Etty worked for the Jewish Council, an institution in which Jews decided how to manage the community and departures for the Westerbork transit camp. Etty obtained a position on the Jewish Council because she was part of the local “intelligentsia” and for that reason she felt so guilty that she could no longer accept her privilege. In the meantime, indeed, the process of inner transformation and openness to a Christian outlook was developing in Etty: following the process of her soul with a spirit of total freedom, day by day, Etty understood that she couldn’t escape, but rather that she had to live the same reality as friends and acquaintances – with whom relationships had become rarefied, not in the sense of neglected, but denser, more connected to life and death.
We should remember, however, that at the time people did not know exactly what was going on beyond the Westerbork transit camp: trains were leaving loaded with people who then didn’t come back, so one sensed that things could turn out very badly. It must also be remembered that while accepting the circumstances, Etty fully experienced fear. Often, when looking from the outside, a person like Etty Hillesum could be perceived as a holy person, someone statically holy, when in fact it is a step-by-step developed process in which emotions are fully experienced – and, only at the end of the process, do we get to be able to say “this life is wonderful, my heart has opened up” under any circumstances.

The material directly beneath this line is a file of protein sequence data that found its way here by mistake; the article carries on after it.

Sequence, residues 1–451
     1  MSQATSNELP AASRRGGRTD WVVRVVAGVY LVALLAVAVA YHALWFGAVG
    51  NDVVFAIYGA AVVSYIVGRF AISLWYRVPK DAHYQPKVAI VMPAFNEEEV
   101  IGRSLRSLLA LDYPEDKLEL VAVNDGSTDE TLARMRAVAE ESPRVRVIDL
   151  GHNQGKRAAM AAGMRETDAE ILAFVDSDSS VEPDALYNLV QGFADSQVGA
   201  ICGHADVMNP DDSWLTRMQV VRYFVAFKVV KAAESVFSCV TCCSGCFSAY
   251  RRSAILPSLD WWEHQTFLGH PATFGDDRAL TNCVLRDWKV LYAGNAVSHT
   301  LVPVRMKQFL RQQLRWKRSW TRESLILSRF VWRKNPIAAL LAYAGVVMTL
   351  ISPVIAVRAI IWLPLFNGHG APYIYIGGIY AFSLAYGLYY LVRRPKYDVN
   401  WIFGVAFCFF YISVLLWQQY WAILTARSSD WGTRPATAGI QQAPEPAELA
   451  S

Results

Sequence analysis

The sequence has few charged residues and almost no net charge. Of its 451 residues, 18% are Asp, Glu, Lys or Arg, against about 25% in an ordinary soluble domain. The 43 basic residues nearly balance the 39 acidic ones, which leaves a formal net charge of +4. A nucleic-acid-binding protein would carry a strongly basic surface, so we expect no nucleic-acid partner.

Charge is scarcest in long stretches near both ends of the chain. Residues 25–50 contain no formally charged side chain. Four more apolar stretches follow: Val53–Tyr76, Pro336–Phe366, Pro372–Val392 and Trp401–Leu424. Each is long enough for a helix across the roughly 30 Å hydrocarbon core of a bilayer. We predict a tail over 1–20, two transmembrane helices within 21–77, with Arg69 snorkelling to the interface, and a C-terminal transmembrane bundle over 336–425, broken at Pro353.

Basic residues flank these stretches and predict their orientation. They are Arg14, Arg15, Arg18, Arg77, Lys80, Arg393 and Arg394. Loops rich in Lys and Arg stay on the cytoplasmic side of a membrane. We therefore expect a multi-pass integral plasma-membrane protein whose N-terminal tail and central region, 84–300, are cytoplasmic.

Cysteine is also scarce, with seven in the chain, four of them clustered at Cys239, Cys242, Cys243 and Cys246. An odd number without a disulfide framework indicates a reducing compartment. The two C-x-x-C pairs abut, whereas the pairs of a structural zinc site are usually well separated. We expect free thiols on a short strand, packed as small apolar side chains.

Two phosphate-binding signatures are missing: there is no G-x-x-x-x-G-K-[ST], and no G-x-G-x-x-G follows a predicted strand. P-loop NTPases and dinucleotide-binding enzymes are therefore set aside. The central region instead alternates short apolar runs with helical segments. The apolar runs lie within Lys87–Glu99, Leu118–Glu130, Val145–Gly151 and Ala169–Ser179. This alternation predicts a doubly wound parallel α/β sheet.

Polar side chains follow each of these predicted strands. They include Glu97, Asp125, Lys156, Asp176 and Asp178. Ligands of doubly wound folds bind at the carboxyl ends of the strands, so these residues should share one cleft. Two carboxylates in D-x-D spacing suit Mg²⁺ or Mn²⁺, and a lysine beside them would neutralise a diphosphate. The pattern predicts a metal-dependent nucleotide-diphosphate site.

Today we live in relatively uncertain and dramatic period in history. What is Etty Hillesum’s message for us?
I think there are two. First, to be listening to the self, for it is in the depth of the self that peace and truth are found; moreover, if one enters within oneself as Etty did, then one can have meaningful conversations with everyone. Second, realise the futility of hatred. I quote her words in a dialogue with her friend Klaas: “Nothing is accomplished by hatred. Reality is different from how we imagine it. Look at our assistant: I see him often in my thoughts, his straight and stiff neck strikes me. He hates our persecutors with a hatred that I suppose is justified, but he too is a cruel man and he would be perfect as a camp leader. He would be a perfect executioner. Yet, even for him I feel pity”. We must stop the hatred: although it is right to hate those who persecute us, every atom of hatred we add to this world makes it even worse: “The earth can become more habitable only with that love of which the Jew Paul wrote to the people of Corinth”, that is, charity.
“Etty Hillesum. Cercando un tetto a Dio” is at Teatro Foce on 09.11.
More information: foce.ch